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Managing the supply chain to close gaps

Every business set up has a supply chain process. The difference between successful businesses and unsuccessful ones lies between how well the business understands and manages its supply chain flows. The three super critical supply chain flows are information, product and funds.

Supply chain management with Gibson Sibanda

Information plays an important role in supply chain management. It is a cross functional driver of supply chain as it cuts across all supply chain drivers and network partners. Sharing and coordination of information flow among supply chain members should be done properly as failure to do so leads to bullwhip effect. Bullwhip effect is the distortion of information about product demand across the supply chain network and tends to increase as the distance between the source of information and the final receiver widens. The result of bullwhip is increased inventory, and to those who understand operational excellence, excess inventory is one of the sources of waste in a business. Some businesses fail due to excessive information gaps in their operations. Information gap is when customers do not know about the availability or source of products, and suppliers do not know about their potential customers.

A product comes in the form of raw materials, work in progress and finished product. It flows from the inbound side to the outbound side for the purposes of delighting the consumer in a supply chain. An organisation might have a very good product but still fail to succeed as a business due to inefficiencies and improper coordination to reach its customers. Improper product flow strategies lead to other three logistics of business gaps namely time, space, and quantity. Time gap is when there is a difference between the time a product becomes available and the time customers want to buy it. A good example of time gap management is done by whisky manufacturers where it takes several years from distillation to maturity and consumption. Missing a single production cycle means there is no supply of the product in relation to that cycle pattern, ultimately leading to loss of revenue. With regards to space gaps, not all product(s) are confined within a single geographical area of the business operation, hence the space gap needs close attention. This gap happens when suppliers are physically separated from customers, in some cases the locations being continents apart. This is a challenge for many businesses as their sourcing strategy might fail to recognise the gap, leading to either inventory stock outs or overstocking. Space gaps are not too far away from quantity gaps either. A quantity gap is the difference in amounts of stock available from suppliers and the demand from customers. Procurement practitioners in such business operations should use their supply chain trade off skills effectively. Successful supply chain practitioners replace inventory with information and move away from supply chain management to demand management.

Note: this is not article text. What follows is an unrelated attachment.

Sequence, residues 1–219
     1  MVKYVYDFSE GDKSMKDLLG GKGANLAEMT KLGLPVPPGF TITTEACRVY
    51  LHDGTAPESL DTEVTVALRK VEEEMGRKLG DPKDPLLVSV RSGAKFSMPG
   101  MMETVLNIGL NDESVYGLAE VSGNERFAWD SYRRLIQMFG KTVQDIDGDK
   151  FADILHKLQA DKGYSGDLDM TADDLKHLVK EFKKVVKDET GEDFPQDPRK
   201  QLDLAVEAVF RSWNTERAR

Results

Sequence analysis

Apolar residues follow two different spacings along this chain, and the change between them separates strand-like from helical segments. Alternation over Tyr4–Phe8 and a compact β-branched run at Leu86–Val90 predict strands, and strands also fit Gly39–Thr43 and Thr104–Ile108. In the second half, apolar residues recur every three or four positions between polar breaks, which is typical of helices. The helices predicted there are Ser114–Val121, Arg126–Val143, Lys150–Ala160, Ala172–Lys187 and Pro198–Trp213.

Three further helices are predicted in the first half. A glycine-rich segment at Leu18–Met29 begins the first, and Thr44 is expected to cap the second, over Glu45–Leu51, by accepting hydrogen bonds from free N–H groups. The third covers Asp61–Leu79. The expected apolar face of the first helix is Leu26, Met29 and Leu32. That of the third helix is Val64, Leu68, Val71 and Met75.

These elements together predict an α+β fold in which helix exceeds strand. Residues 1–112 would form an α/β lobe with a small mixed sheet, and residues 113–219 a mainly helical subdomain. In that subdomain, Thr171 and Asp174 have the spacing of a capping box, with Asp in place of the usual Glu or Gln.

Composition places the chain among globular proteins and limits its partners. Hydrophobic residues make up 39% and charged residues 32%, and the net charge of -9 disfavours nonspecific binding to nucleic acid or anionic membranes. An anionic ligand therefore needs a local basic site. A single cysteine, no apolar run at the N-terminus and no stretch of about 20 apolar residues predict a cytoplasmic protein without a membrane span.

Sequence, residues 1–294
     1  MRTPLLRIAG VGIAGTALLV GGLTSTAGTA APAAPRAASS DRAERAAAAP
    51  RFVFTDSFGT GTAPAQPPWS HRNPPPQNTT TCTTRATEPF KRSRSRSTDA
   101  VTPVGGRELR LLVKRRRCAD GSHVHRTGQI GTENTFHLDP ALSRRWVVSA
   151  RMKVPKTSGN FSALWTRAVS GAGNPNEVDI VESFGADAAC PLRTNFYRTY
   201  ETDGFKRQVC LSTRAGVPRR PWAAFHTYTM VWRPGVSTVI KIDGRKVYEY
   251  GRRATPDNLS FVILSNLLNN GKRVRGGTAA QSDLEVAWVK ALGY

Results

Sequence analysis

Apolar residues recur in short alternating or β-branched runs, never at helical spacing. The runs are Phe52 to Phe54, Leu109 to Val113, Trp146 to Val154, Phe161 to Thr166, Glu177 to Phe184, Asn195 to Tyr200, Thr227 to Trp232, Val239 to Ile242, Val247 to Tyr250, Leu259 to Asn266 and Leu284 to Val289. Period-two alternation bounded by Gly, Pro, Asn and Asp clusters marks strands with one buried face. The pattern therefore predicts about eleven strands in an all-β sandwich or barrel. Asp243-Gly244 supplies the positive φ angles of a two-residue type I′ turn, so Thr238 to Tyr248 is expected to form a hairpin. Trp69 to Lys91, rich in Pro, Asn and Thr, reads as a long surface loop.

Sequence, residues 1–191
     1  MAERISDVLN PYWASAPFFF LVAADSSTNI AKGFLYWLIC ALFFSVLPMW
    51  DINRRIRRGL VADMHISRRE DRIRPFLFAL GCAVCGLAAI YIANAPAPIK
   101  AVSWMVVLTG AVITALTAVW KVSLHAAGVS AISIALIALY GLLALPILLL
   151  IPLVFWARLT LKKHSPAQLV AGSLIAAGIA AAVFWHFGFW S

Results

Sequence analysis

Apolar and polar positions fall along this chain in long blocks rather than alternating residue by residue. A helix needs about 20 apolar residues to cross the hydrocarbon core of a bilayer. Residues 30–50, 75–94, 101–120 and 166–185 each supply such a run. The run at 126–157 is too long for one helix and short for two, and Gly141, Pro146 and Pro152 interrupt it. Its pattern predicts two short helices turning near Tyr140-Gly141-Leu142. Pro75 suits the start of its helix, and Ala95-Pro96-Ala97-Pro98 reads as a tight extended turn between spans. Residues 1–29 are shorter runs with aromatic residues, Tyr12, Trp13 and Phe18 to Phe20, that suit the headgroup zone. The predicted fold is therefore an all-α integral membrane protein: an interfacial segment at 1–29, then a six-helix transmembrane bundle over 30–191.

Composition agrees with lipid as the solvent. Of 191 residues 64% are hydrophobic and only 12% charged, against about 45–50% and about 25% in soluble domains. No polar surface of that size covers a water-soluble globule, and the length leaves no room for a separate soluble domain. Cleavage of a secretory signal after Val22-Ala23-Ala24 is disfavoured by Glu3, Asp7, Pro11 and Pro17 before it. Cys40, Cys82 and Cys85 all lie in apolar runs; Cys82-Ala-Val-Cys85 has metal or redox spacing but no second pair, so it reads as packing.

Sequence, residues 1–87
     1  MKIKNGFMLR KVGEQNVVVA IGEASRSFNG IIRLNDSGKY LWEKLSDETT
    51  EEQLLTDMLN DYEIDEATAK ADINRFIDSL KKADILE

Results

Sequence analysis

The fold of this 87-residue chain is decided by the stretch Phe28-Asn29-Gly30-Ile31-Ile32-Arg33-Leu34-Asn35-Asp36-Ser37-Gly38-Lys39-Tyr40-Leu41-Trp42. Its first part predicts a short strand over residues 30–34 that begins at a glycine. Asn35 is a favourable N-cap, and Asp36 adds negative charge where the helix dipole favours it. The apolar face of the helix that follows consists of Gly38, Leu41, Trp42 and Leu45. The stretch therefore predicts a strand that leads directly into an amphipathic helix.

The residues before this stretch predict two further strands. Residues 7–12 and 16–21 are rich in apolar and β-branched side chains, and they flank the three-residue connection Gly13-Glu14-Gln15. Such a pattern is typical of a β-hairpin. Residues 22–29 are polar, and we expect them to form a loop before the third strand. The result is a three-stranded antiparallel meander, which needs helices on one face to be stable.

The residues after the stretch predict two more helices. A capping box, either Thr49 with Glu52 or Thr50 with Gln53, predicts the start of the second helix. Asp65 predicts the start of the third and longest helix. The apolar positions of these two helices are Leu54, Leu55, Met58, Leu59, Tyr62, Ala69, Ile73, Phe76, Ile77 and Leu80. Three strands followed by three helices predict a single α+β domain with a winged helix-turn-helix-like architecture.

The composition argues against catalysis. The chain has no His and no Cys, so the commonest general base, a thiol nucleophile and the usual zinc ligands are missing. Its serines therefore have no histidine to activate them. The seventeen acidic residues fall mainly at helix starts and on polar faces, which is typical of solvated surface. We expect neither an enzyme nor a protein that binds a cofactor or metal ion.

In contrast with other supply chain flows, funds flow in the opposite direction of the product. Funds flow from the right to the left, which is from the outbound to the inbound side of the supply chain. Funds are a creature by supply chain partners as a result of supply chain surplus from value generating activities. For network members to create supply chain surplus, they should build strong and sustainable supply chain relationships. Sharing of information is the cornerstone of an effective relationship. As such, the success of a business lies in the effective management of supply chain flows and as exposed by the article, supply chain professionals play a big role in supply chain mapping, information sharing and product movement across the supply chain.

Gibson Sibanda is a member of the Chartered Institute of Procurement and Supply (MCIPS), secretary of CIPS Zimbabwe branch. The views expressed in the article are entirely personal. For feedback you may contact him on gibbiesibanda@gmail.com

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